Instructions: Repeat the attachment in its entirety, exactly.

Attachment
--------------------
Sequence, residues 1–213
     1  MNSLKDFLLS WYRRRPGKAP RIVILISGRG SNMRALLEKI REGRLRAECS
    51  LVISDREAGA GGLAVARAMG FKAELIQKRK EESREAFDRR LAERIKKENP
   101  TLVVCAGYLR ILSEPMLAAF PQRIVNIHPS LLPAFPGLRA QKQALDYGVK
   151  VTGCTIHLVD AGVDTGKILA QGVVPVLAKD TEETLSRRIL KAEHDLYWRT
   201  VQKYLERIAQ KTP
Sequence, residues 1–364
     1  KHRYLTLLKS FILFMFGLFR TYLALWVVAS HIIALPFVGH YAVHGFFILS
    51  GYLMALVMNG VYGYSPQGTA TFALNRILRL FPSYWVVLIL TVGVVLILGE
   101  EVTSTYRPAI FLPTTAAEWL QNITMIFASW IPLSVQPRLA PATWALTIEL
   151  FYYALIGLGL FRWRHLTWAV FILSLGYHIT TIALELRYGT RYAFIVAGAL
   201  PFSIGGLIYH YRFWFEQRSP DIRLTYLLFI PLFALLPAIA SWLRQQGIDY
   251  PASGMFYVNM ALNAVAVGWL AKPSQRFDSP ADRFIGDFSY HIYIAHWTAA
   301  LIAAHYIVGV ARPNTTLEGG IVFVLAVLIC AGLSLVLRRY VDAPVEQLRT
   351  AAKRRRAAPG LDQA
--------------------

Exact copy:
Sequence, residues 1–213
     1  MNSLKDFLLS WYRRRPGKAP RIVILISGRG SNMRALLEKI REGRLRAECS
    51  LVISDREAGA GGLAVARAMG FKAELIQKRK EESREAFDRR LAERIKKENP
   101  TLVVCAGYLR ILSEPMLAAF PQRIVNIHPS LLPAFPGLRA QKQALDYGVK
   151  VTGCTIHLVD AGVDTGKILA QGVVPVLAKD TEETLSRRIL KAEHDLYWRT
   201  VQKYLERIAQ KTP
Sequence, residues 1–364
     1  KHRYLTLLKS FILFMFGLFR TYLALWVVAS HIIALPFVGH YAVHGFFILS
    51  GYLMALVMNG VYGYSPQGTA TFALNRILRL FPSYWVVLIL TVGVVLILGE
   101  EVTSTYRPAI FLPTTAAEWL QNITMIFASW IPLSVQPRLA PATWALTIEL
   151  FYYALIGLGL FRWRHLTWAV FILSLGYHIT TIALELRYGT RYAFIVAGAL
   201  PFSIGGLIYH YRFWFEQRSP DIRLTYLLFI PLFALLPAIA SWLRQQGIDY
   251  PASGMFYVNM ALNAVAVGWL AKPSQRFDSP ADRFIGDFSY HIYIAHWTAA
   301  LIAAHYIVGV ARPNTTLEGG IVFVLAVLIC AGLSLVLRRY VDAPVEQLRT
   351  AAKRRRAAPG LDQA